We continue to expect the ECB to announce a reduction in its monthly purchases from the start of 2018, with purchases anticipated to be phased out by the end the year.
However, it is worth noting that should there be an upset with the French election, we are more likely to see the ECB’s support stay in place, or even expand in order to help support sentiment.
UK: Budget u-turns and the inflation up-turn
The 2017 Budget was largely as expected: growth upgraded, and little done with the extra cash that the chancellor found himself with. Yet the Budget still managed to cause a political storm and an eventual embarrassing policy u-turn.
Meanwhile, UK inflation is soaring (thanks to energy inflation dynamics and a weaker sterling), with further rises on the horizon. Despite the emergence of a hawk among its policy-setters, the BoE is likely to keep policy unchanged given a lack of significant wage growth. After all, with rising inflation squeezing households’ real disposable income, we doubt the BoE would want to add further pressure by raising interest rates.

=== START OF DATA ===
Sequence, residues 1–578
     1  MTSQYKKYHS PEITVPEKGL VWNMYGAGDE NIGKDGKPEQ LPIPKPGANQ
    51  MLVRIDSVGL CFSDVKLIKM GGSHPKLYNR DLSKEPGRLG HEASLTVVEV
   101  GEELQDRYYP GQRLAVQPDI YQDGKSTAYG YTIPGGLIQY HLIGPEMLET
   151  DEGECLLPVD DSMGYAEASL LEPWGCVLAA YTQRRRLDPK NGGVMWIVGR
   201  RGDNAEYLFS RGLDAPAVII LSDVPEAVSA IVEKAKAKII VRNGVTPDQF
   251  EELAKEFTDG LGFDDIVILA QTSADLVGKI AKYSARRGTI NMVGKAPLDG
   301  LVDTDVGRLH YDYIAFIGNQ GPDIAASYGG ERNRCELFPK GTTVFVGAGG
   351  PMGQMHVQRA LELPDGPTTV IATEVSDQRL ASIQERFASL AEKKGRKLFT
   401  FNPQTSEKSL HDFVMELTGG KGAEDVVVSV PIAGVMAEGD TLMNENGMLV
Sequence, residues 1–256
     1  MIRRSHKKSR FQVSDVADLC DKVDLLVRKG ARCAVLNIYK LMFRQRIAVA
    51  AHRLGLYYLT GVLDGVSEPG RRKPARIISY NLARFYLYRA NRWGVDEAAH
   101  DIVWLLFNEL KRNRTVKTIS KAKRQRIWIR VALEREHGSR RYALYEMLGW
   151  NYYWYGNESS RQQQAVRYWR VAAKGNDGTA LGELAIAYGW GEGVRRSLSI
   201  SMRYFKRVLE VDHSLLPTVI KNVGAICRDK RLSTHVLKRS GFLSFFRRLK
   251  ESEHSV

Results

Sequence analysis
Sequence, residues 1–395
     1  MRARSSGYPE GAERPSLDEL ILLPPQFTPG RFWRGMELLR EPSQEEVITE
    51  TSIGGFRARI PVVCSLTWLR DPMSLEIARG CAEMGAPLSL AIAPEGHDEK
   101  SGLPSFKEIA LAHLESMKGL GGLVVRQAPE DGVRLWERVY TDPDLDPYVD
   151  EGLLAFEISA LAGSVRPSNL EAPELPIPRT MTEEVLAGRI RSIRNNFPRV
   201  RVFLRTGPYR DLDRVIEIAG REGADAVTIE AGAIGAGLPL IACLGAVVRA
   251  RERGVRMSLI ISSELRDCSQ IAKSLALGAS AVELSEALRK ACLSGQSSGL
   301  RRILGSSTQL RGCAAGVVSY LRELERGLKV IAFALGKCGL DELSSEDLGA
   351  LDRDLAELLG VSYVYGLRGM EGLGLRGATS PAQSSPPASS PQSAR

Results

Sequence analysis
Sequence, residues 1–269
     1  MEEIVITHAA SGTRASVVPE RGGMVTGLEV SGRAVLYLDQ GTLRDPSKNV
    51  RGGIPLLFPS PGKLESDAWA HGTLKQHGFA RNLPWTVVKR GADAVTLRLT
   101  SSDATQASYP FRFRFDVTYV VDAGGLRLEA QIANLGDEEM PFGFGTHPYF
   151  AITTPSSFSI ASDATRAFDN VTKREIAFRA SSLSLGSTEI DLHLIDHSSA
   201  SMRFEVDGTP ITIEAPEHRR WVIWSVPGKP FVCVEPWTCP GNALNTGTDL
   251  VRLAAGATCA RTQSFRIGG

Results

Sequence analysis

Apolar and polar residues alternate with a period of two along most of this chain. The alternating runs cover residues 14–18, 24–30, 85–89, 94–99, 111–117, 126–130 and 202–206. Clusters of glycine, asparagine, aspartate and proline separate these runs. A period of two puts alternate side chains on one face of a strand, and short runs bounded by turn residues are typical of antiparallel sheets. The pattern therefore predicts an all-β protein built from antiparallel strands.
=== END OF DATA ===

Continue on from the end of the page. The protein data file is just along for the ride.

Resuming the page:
The global upswing and the EM rally
2017 has started strongly, with growth seemingly healthy and global trade feeling the benefits. This has coincided with a revival in equity markets, particularly in EM.
Can trade momentum persist or even strengthen?
In assessing whether this marks a return to the “good old days” of higher EM activity and equity returns, the first question we ask is why we have seen the recent improvement in trade. Unfortunately, better trade values have not been as a result of a secular change, but rather a consequence of higher prices and stronger global growth.